Proposition 31 of Chapter 13 in Dummit and Foote's Abstract Algebra states as follows:

Let $K$ be an algebraically closed field and let $F$ be a subfield of $K$. Then the collection of elements of $\bar{F}$ of $K$ that are algebraic over $F$ is an algebraic closure of $F$. An algebraic closure of $F$ is unique up to isomorphism.

The first sentence of the proof reads: By definition, $\bar{F}$ is an algebraic extension of F.

My question is how do we know that $\bar{F}$ is necessarily a field in its own right? We are given that $K$ and $F$ are fields, and as far as I can tell $\bar{F}$ is just some 'set' that lies between $F$ and $K$. If we assume that $\bar{F}$ is a field then the remaining parts of the proof seem to follow but I can't seem to figure out why we exactly know that $\bar{F}$ will be a field.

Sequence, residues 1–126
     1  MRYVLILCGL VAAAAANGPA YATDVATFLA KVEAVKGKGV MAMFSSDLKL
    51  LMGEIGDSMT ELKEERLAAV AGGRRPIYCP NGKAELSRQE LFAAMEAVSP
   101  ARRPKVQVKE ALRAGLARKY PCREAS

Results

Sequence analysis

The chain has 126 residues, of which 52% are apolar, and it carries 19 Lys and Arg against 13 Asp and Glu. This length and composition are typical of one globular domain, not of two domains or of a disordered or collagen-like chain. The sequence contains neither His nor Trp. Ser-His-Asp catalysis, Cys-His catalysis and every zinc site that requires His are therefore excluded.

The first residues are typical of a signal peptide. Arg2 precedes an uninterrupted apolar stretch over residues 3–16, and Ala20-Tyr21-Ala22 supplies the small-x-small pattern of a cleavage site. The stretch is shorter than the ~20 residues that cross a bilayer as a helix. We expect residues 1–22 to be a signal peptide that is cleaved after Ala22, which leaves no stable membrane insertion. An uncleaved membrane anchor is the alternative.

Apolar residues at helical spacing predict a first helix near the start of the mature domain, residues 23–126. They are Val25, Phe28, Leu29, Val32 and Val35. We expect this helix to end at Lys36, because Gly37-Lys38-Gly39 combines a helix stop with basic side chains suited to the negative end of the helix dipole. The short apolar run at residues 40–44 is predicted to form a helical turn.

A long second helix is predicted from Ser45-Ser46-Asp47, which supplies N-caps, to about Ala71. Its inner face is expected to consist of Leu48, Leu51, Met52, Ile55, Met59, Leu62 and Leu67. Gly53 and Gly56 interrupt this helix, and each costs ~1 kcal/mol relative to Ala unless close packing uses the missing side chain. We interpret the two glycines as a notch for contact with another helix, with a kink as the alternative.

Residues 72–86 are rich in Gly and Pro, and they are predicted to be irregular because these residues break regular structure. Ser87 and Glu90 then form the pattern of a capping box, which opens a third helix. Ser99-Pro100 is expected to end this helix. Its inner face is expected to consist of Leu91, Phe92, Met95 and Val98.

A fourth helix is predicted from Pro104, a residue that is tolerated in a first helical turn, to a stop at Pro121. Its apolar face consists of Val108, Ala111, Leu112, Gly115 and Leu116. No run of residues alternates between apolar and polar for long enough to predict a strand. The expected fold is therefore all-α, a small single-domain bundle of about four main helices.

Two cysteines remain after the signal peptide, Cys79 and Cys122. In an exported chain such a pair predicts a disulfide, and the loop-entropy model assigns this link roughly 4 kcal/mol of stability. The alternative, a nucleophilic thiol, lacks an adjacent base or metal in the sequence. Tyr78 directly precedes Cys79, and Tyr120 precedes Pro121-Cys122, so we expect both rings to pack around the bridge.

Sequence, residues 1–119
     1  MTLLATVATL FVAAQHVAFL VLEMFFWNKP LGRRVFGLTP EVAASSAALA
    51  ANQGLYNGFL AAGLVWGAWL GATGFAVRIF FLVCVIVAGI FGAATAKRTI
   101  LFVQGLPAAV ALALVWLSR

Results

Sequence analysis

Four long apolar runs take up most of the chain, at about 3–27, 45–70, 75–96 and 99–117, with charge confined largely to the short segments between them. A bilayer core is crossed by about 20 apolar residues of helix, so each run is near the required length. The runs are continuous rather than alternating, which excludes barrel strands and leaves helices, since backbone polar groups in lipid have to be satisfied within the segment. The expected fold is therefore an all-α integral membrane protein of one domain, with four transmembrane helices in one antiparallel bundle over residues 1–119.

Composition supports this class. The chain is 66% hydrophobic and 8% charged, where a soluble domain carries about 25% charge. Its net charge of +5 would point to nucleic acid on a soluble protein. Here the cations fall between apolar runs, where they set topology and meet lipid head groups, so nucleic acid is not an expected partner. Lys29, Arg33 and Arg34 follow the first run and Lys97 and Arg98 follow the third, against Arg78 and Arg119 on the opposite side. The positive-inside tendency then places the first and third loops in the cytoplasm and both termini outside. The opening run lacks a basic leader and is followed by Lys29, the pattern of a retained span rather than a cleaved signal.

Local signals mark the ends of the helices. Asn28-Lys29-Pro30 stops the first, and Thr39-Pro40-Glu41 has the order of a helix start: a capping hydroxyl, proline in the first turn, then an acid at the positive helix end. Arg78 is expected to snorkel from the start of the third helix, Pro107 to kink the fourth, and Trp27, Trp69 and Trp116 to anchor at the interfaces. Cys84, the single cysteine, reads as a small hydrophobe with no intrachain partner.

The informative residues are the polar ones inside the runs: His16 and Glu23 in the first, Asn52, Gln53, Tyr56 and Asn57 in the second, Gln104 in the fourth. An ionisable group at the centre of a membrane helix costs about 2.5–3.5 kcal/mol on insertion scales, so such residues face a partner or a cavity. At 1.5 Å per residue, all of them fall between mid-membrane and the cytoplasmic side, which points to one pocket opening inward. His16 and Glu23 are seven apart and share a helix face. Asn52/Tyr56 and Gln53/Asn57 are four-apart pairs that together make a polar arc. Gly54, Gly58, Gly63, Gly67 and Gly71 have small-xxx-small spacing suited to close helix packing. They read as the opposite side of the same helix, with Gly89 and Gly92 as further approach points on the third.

• $\begingroup$ To prove this you can check that every element is invertible in the algebraic closure. Just pick one and think what you can say. $\endgroup$
    – Fabrizio
    Apr 18, 2021 at 7:53

1 Answer 1


Consider $x,y \in \widetilde{F}$. and $E = F(x,y)$. Both $x$ and $y$ are algebraic and thus $E/F$ is a finite extension. In particular, the subextensions $F(x+y), F(xy), F(x^{-1})$ are also finite, hence algebraic, and so $x+y, xy, x^{-1} \in \widetilde{F}$.


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